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Top Gear Philippines

Toyota i-Road

If I could hand out a "Most Entertaining" award to one particular car at the 43rd Tokyo Motor Show--at least during the two press days that I was there--I would give it to the Toyota i-Road, the Japanese carmaker's idea of personal mobility in the not-so-distant future.

Okay, a full disclosure is in order as I give Toyota this virtual award: I was a guest of the company at the show (associate editor Paulo Subido went with Isuzu, consumer editor Botchi Santos was with Honda, and team art director Jaykee Evangelista was flown in by Mitsubishi). But trust me, this has nothing to do with why I'm proclaiming the i-Road as the most engaging car--or trike--at the event.

In fact, Toyota would probably even get pissed as the i-Road isn't even the main attraction at its booth. You see, the i-Road is already old by car-show standards, having already been displayed at the Geneva Motor Show earlier this year. Toyota's principal stars at the ongoing Tokyo Motor Show are five new concept vehicles: the FCV, the FV2, the JPN Taxi, the Voxy and the Noah. So Toyota likely won't be amused that I'm instead raving and writing about a side dish.

But what the heck. I caught a demo run of the i-Road and was instantly transported back to my childhood days. This thing is the stuff my boyhood fantasies were made of. (Okay, this and Phoebe Cates.) The i-Road is essentially a motorcycle with a pair of wheels in front (technically making it a tricycle) and powered by two small electric motors. The Toyota peeps were actually charging the vehicle when I walked past the booth. My imagination already piqued, I decided to stick around for the demonstration. After a few more minutes, it was show time.

A bespectacled Japanese dude in the country's customary office attire then boarded the thing, as if to show the audience that practically anyone can operate it. Indeed, I'd die of embarrassment if I failed to physically master something a geek could effortlessly wrap around his fingers. And then he took off. Just round and round, he went in circles. The small i-Road--just 2,350mm long and 850mm wide--happily articulated its front wheels as it danced around like a graceful ballet dancer.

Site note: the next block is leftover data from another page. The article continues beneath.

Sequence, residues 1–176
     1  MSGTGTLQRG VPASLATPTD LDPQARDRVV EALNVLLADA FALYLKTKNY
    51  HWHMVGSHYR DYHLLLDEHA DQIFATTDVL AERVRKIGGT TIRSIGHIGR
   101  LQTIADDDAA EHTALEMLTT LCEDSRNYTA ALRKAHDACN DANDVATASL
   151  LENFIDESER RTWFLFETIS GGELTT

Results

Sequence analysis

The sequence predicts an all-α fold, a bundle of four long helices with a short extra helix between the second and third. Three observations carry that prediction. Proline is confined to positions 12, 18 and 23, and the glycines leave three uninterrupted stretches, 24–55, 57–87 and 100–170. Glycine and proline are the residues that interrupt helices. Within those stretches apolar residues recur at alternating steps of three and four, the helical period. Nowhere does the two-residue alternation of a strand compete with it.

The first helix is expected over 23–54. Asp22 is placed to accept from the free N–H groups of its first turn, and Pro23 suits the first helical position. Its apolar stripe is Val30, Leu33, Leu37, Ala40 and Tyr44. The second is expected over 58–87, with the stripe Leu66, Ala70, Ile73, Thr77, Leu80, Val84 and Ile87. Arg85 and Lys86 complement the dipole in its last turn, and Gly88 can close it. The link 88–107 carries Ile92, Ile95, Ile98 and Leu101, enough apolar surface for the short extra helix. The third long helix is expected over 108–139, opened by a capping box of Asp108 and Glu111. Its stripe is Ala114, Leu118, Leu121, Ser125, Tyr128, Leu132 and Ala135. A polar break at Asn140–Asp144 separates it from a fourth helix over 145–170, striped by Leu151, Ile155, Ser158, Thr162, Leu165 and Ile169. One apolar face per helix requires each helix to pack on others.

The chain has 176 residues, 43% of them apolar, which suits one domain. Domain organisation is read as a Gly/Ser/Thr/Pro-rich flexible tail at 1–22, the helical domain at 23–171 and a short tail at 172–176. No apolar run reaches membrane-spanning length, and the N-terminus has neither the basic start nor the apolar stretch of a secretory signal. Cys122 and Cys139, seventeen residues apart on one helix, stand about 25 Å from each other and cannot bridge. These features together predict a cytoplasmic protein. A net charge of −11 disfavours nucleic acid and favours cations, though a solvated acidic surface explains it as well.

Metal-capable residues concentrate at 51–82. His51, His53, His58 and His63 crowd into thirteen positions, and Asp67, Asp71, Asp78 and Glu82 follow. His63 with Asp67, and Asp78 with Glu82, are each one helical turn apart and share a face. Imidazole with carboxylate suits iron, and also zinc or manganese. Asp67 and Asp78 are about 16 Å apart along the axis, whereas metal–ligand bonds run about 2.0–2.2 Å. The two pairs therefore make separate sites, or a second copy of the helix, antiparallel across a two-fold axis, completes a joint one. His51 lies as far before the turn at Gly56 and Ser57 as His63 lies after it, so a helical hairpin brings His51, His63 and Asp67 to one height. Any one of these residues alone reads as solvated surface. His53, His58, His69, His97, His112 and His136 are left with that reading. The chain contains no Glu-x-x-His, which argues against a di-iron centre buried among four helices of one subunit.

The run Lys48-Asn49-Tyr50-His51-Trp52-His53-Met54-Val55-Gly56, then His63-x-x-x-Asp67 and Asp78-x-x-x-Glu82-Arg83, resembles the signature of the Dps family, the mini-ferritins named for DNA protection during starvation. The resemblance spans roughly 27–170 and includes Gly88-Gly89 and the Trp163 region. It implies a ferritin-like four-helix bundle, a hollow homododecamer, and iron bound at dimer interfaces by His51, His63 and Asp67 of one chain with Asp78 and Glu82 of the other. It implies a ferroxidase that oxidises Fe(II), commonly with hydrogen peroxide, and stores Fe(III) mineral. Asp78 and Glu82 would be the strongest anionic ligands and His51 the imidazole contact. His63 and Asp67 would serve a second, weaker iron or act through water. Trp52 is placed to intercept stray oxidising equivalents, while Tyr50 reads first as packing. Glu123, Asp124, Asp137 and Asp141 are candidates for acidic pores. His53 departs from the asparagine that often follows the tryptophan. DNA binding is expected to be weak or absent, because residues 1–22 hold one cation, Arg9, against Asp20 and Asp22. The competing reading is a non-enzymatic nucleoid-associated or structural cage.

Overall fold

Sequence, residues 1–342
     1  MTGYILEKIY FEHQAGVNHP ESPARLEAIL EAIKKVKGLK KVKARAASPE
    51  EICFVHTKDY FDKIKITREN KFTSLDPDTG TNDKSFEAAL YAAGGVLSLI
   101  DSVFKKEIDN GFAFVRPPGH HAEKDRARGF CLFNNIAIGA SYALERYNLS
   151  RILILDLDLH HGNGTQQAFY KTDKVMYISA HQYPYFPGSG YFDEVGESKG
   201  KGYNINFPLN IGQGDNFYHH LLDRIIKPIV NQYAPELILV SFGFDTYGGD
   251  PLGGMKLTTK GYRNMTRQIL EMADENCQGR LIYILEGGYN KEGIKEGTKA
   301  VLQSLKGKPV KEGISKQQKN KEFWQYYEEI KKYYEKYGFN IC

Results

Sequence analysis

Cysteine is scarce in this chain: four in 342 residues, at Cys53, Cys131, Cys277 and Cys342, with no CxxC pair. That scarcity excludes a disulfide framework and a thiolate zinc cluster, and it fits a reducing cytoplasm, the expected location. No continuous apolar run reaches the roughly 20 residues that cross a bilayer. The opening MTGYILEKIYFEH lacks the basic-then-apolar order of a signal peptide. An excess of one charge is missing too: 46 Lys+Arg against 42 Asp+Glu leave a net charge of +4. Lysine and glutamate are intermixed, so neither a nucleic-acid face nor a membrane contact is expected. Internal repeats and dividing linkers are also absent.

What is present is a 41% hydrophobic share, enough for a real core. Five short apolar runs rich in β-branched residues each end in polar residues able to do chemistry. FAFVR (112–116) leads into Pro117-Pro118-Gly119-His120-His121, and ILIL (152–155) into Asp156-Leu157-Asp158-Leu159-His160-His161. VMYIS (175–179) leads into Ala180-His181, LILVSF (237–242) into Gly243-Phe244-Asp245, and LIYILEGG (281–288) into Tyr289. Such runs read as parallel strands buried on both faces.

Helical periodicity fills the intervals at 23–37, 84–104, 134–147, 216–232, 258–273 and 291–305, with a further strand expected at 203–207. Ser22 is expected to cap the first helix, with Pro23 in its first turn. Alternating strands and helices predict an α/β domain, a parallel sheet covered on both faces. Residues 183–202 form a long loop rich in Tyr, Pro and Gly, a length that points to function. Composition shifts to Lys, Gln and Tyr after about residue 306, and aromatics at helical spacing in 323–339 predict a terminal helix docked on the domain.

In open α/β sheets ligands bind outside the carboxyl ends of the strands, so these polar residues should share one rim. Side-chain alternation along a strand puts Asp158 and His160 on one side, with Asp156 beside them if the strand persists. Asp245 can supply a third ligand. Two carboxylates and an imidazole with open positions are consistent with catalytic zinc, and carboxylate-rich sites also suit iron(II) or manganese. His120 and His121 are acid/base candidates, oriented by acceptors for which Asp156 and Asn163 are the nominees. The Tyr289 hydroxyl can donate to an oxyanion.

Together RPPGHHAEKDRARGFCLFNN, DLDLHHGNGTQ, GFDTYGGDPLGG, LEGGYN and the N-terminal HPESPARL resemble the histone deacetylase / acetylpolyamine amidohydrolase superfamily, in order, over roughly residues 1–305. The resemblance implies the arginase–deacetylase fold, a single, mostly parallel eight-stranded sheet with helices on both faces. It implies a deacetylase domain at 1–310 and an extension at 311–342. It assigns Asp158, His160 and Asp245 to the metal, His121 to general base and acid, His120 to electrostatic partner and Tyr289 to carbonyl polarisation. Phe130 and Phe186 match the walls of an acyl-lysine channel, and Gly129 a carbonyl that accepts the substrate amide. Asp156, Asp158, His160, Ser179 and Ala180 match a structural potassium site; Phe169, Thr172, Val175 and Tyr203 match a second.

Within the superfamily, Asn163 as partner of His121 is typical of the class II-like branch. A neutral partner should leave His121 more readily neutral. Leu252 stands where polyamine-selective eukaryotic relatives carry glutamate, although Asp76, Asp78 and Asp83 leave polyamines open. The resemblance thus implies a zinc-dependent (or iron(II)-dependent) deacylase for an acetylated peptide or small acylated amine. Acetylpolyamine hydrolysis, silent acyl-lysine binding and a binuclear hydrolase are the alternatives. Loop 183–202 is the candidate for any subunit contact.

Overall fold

The i-Road can supposedly cruise to a top speed of 45kph and can travel up to 50km on a single charge of its lithium-ion battery. Best of all, it is scheduled for serious testing next year in Toyota City in Japan. So what we have here is a very realistic urban transport system for small cities in the very near future.

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Sure, this year's edition of the Tokyo Motor Show boasts the likes of the Nissan GT-R Nismo and the Honda NSX and even the Mercedes-Benz SLS AMG GT Final Edition, but these cars simply wow you motionless atop meticulously guarded pedestals.

The i-Road, meanwhile, is not merely a spotlight-enhanced show car. It prances around and lets everyone know that Toyota might start selling it in three years' time. Check out the photos below and tell me your head isn't being filled right now with images of yourself (and a date, because this seats two) merrily riding around Bonifacio Global City. If these pictures are entertaining to you, imagine how giddy I got seeing this thing up close.

I'll have mine in matte black.

Photos by Vernon B. Sarne

 

Toyota i-Road

Toyota i-Road

Toyota i-Road

Toyota i-Road

Toyota i-Road

Toyota i-Road

Toyota i-Road

Toyota i-Road

Toyota i-Road

Vernon B. Sarne
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motor show personal mobility Tokyo Motor Show Toyota i-Road Toyota Motor Corporation
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